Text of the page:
You might think a restaurateur with more than 20 successful years in the business has the luxury of sleeping in once and a while. Or, of at least sleeping past 3 a.m. on a Sunday.
But for Vincent Caprio, co-owner of the Foxon Road seafood staple Supreme Seafood, rising before daybreak every day to deliver newspapers is as routine as frying a batch of clam strips for takeout.
Since Supreme Seafood opened in 1989, Caprio, a 1979 North Branford High School grad, has started every day at 3 a.m. with a four-hour paper route. Four kids in college and rising seafood costs keeps Caprio an early bird.
“I could make a quarter-million dollars a year, it wouldn’t be enough money,” he says. “Seafood’s a tough racket; if you buy quality, it’s at a high cost.”
Caprio says within the last five years scallop prices have tripled – from $4 a pound in 2006 to $11-14 a pound today – because the government has enforced regulations on when and where you can fish. Fishermen are charging more because they are harvesting less, he says.
“I have to pay more, earn less and make it up other ways,” Caprio says.
Supreme Seafood’s scallops are scooped up in the Great Banks region of Nova Scotia. Caprio says the mollusks are delivered fresh off a boat in Stonington to his restaurant at 999 Foxon Road. He only buys dry scallops, which are not weighed down with phosphates like wet scallops.
‘They’re premium,” Caprio says. “I won’t serve garbage.”
The NBHS grad says he owes his two decades of successful business to a quality product and word-of-mouth advertising.
“I’m not going to put a lot of cash resources into advertising,” Caprio says. “When you give your product away, it’s a weakness,” he says. Instead, Caprio lets the food – and the eaters – speak for itself. The approach seems to be working. “Even after 22-plus years we still get new people,” he says.
Caprio is a self-taught investor who gained a business perspective from reading books. [He attests to buying Netflix at $35 a share.] As a co-proprietor, though, Caprio is responsible for his own retirement, so it is all the more important to be on top of things.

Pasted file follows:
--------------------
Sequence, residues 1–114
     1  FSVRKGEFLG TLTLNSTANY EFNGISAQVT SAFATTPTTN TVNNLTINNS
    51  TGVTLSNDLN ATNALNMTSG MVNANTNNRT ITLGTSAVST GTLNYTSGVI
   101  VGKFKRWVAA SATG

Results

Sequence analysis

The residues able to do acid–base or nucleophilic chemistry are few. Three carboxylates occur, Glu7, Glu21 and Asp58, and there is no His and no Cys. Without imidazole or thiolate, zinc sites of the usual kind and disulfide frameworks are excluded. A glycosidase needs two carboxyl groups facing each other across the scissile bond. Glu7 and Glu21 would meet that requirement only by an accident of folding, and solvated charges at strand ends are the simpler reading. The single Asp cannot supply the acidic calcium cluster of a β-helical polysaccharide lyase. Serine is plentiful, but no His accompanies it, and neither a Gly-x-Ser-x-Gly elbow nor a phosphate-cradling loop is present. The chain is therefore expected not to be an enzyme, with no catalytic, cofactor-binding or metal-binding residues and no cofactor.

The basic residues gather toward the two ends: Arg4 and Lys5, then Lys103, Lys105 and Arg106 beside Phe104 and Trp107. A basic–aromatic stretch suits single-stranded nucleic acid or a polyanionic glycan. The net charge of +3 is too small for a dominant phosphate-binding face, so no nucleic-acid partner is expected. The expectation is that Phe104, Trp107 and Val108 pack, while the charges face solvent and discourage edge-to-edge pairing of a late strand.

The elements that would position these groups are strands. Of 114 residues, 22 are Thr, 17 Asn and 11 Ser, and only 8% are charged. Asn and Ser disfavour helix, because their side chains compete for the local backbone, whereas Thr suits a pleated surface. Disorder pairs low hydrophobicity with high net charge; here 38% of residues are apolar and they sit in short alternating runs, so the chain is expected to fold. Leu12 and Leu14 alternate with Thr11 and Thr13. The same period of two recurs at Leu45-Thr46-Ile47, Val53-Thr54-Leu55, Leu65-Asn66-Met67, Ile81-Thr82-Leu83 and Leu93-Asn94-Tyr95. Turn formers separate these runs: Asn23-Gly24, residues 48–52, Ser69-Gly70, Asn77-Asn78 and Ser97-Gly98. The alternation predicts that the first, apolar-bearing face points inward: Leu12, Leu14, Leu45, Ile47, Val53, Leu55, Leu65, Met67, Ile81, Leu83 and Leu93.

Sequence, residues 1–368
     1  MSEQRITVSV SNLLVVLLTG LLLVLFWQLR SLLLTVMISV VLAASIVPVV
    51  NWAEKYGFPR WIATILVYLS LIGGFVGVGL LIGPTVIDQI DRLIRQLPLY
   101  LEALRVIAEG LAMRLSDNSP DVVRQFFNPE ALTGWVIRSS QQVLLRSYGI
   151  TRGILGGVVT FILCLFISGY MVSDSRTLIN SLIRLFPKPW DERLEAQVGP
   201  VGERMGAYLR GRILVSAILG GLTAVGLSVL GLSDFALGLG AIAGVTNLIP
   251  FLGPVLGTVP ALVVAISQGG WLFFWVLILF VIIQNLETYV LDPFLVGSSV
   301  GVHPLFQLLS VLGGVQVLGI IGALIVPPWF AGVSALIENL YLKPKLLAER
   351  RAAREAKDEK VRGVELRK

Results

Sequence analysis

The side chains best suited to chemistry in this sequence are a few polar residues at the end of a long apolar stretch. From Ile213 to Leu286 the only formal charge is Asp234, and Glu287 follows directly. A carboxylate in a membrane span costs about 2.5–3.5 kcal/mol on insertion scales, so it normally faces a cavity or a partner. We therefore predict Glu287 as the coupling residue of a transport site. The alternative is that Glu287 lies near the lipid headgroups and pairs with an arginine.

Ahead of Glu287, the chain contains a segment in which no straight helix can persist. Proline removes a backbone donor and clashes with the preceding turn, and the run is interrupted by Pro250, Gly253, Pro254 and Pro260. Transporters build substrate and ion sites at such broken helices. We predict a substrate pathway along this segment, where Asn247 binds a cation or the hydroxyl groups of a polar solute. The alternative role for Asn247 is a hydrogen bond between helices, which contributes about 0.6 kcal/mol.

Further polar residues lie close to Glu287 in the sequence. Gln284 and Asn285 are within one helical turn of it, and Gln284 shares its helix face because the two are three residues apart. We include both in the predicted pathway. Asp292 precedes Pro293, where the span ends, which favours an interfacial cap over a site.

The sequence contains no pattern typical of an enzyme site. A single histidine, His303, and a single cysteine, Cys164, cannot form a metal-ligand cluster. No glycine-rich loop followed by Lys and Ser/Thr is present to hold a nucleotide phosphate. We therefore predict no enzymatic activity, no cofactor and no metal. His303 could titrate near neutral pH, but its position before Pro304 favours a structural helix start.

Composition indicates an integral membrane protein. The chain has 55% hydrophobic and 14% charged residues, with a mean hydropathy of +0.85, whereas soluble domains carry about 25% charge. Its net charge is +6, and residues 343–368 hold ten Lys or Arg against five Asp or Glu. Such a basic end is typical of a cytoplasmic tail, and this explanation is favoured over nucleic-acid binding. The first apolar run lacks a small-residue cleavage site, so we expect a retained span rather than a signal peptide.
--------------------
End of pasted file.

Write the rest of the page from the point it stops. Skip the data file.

“The business end of the business is sometimes a lot of people’s weakness,” he says
Two types of marriages
Caprio and the other co-owner of Supreme Seafood Ralph Amendola have been cooking seafood together since the late 1970s, when they both got their feet wet in the restaurant biz at an East Haven seafood joint called Cap’n Nicks. Caprio began working there as a dishwasher when he was still in high school. It didn’t take long for him to rise through the ranks.
“Within the first six months of working there, [the owner] asked me ‘Do you want to learn how to cook?’” Caprio says. And within a year or two, Caprio and Amendola were the top chefs at Cap’n Nicks.
After work, the two would go out on the town with a pair of sisters, Debbie and Kathy White. Caprio says Amendola married Debbie in the late 1970s. And in 1984, Caprio tied the knot with Kathy.
However, in 1988, Cap’n Nicks closed down, and the two hitched men had to find work.
“We said ‘North Branford doesn’t have a seafood restaurant’ and a little over a year later opened Supreme,” Caprio says. He says their aim was to keep it nice and small. They also decided not to serve alcohol – an almost certain cash cow in the restaurant business – because they were family men, Caprio says.
“It’s almost unheard of that a business is open 22 years without serving alcohol,” he says.
Another deterrent to selling booze would be late nights, Caprio says. “We didn’t want to be out until 2 a.m.,” he says.
And as someone who has a 3 a.m. wake-up, how can you blame him?